• Thanks for the response Eric.

        Eightsouthman, what is it made up of? Debt. Of course, debt is bad, but what special tax increased in your 1040 to make specific credits? Your rates didn’t go up (unless you went to a higher tax bracket) did they? Or, other than those that changed because of Obamacare, your deductions didn’t change, did they? So, no, you didn’t pay more taxes to cover for these credits.

        Regardless, the problem I see with these arguments is that it seems Eric is ONLY concerned about these tax credits when they are child’s play compared to the actual subsidies the auto industries receive, but I don’t see him arguing about the evils of the IC engine that has been the beneficiary of these subsidies, bailouts, etc. for Go knows how long.

        I am a libertarian free-market enthusiast, so I don’t disagree with either of your sentiments. But when I can keep $7,500 of taxes, plus 30% of the purchase of my solar, I am going to take advantage of it if it makes my life more economically sound. I’m not thanking the government, just taking advantage of not having to pay for gas, change my oil, and live off the sun.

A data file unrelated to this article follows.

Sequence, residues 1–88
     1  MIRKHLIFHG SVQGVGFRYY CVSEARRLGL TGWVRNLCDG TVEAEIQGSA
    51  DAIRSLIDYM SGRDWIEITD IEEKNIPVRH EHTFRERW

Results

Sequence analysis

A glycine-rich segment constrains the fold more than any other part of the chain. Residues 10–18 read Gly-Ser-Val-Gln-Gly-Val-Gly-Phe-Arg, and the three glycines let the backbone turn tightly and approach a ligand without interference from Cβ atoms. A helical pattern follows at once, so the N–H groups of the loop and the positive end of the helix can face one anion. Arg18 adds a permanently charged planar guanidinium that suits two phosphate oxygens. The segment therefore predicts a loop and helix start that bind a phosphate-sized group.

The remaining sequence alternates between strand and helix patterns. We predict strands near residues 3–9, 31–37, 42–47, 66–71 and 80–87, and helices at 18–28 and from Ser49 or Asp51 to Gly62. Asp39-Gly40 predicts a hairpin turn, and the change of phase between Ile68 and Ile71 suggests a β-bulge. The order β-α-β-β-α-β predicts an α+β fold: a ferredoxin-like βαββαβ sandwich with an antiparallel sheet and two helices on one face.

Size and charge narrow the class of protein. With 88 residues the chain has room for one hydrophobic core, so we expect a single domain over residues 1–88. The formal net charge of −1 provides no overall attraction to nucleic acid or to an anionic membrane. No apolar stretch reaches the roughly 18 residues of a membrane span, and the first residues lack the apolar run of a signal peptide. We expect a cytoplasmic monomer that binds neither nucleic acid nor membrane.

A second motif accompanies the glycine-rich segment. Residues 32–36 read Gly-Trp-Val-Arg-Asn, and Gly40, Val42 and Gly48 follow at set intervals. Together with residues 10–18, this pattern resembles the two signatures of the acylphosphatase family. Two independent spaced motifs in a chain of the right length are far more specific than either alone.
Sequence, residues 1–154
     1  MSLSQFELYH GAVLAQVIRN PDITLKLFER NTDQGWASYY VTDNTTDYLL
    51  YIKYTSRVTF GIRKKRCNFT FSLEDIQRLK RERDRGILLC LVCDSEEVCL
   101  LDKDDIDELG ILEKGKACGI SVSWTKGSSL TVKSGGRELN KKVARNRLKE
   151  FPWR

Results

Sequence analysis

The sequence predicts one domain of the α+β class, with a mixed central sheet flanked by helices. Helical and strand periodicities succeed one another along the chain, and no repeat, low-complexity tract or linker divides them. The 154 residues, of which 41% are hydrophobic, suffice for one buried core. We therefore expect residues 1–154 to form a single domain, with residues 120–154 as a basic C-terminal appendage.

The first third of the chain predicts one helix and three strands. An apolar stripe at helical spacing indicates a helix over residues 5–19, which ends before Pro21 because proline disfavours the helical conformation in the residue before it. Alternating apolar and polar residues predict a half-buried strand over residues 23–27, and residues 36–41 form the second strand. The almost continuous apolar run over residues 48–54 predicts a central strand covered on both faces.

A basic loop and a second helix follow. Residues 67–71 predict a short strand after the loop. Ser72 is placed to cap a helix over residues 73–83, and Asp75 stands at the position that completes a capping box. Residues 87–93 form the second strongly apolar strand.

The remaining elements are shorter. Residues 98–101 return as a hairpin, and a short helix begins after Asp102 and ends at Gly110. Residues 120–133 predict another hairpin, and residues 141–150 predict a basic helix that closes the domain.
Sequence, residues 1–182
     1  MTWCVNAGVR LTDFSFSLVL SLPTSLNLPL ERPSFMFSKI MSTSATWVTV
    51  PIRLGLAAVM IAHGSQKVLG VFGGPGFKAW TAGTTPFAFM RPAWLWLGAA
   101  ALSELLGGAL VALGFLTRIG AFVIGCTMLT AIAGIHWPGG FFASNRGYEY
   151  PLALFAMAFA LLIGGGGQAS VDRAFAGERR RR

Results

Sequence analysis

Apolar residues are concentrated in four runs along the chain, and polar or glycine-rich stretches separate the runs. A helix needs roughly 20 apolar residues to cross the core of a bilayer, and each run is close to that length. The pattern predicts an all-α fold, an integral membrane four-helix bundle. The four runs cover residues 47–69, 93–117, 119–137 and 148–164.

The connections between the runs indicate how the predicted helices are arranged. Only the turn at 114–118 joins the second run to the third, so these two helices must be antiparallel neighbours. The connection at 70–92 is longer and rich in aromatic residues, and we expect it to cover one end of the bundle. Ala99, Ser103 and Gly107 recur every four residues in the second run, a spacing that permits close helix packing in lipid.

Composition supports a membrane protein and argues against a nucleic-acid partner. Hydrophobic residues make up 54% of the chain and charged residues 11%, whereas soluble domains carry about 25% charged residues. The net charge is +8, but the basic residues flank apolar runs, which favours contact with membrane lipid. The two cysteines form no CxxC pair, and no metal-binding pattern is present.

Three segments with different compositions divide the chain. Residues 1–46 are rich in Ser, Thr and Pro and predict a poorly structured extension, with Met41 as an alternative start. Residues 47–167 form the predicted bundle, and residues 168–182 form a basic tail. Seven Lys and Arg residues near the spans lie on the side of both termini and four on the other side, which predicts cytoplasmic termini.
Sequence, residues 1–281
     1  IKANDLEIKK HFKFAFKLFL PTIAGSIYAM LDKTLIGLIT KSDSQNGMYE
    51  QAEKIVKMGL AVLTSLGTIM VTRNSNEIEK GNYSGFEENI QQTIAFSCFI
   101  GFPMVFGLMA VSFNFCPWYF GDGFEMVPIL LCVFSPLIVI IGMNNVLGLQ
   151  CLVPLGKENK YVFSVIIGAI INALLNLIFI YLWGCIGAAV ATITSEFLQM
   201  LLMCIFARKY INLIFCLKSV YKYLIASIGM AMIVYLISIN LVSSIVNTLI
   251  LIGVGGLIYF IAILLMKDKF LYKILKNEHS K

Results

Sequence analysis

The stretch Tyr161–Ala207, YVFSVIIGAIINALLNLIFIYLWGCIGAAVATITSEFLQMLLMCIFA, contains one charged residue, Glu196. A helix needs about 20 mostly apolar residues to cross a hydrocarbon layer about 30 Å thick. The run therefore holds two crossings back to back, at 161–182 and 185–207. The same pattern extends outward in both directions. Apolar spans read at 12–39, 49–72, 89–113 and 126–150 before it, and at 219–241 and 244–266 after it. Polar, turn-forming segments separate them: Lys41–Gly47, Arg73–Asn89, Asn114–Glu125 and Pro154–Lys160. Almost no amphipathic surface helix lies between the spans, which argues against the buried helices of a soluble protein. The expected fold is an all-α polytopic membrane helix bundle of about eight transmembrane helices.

• Hi Josh,

          The auto industry has received subsidies, no question. However, the IC car is itself a functionally and economically viable product (unlike electric cars).

          Even more so if you take the government out of the equation. Right now, today, we could have brand-new cars (with AC, power windows and so on) that deliver 60 MPG (or more) and cost less than $10,000.

          But because of government, we are presented with $18,000 cars that get 35 MPG.

          And $30,000 to start electric cars.

          From an economic and functional point of view, no EV can compete with the $10,000 car that gets 60 MPG.

          Which is why we are not allowed to have them.

          Think about it.